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David Booth Trade: The Verdict

On October 22, 2012, Canucks General Manager Mike Gillis traded forwards Mikael Samuelsson and Marco Sturm to the Florida Panthers for left wing David Booth, centre Steve Reinprecht and a third round draft pick in 2013.

When news first broke out about the trade, it had many people thinking about a deep playoff run. We essentially gave up two forwards who were getting up there in age, while we attained a talented young forward who was battling some early career injuries, yet had a huge amount of potential waiting to be properly utilized. Standing 6’0 tall and weighing in at 212 pounds the Canucks envisioned Booth being a power forward who could play on the wing with fellow American Ryan Kesler, or possibly even teaming up with the ever creative Sedin twins. That was the plan. Unfortunately things do not always go the way you want them to go.

In his 1st season last year with the Vancouver Canucks, David Booth managed to score 16 goals, and adding another 13 helpers to register 29 points in 56 games. Coming into the 2012-2013 season many Canucks were expecting to see a jump in Booth’s numbers, and overall production, but as it was seen early on in the season, fans would be lucky to even see David Booth dress up and play on the ice. After already beginning the regular season on the shelf, Booth suffered a leg injury on March 17th, which required surgery, and has left him out for the rest of the season. In his 2nd season with the Canucks, Booth has shown flashes of the fast, big, powerful power forward the Canucks traded for, but his inability to be consistent, and more importantly healthy has resulted in him having a lackluster term so far with the Canucks.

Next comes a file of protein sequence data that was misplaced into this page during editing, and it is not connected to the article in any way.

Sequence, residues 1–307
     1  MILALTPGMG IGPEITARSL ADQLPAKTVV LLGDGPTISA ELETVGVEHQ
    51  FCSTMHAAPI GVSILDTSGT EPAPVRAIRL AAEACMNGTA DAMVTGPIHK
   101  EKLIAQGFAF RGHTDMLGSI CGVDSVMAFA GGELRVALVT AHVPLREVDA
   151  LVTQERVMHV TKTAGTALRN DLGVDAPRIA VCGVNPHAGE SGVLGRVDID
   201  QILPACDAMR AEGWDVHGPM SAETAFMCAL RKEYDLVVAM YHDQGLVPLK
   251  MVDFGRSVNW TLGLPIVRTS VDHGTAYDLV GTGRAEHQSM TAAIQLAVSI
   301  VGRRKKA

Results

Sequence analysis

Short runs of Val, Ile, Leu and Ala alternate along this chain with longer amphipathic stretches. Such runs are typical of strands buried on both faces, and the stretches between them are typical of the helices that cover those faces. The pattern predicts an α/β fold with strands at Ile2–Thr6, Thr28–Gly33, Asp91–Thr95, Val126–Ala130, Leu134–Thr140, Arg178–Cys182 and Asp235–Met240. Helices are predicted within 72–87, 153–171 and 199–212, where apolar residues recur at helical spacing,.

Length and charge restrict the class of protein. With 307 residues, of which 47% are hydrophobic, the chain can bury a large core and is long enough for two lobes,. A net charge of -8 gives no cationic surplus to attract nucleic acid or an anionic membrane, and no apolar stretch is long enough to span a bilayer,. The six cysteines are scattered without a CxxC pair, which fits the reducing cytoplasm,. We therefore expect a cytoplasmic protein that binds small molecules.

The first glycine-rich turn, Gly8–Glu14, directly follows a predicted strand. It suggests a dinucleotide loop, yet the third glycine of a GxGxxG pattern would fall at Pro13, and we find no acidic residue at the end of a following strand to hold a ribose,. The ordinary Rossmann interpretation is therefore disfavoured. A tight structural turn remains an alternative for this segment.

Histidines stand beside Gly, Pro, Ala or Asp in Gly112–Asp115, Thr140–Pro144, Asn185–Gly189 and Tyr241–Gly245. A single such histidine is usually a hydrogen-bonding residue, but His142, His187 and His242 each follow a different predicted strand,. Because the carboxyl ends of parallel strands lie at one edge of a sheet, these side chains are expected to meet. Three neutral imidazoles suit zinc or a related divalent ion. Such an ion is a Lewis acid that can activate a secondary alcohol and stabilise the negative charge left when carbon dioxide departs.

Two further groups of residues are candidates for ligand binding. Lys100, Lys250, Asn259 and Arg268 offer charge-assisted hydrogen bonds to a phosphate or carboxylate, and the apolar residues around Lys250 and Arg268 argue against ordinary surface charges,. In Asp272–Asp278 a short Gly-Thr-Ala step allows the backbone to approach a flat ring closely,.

As we look back at the trade made by Mike Gillis to acquire Booth, I believe it is pretty clear what the verdict is. While the Canucks were able to get rid of two aging players, they acquired a very talented NHL forward, but they also acquired a player who has, and is currently battling with injuries. Although Booth has a great personality, and tremendous potential, maybe it is time to move on from him, and accept that this trade has not worked out for the Canucks as they had wished it would.

Do you agree?

Written by: Hamed Amiri

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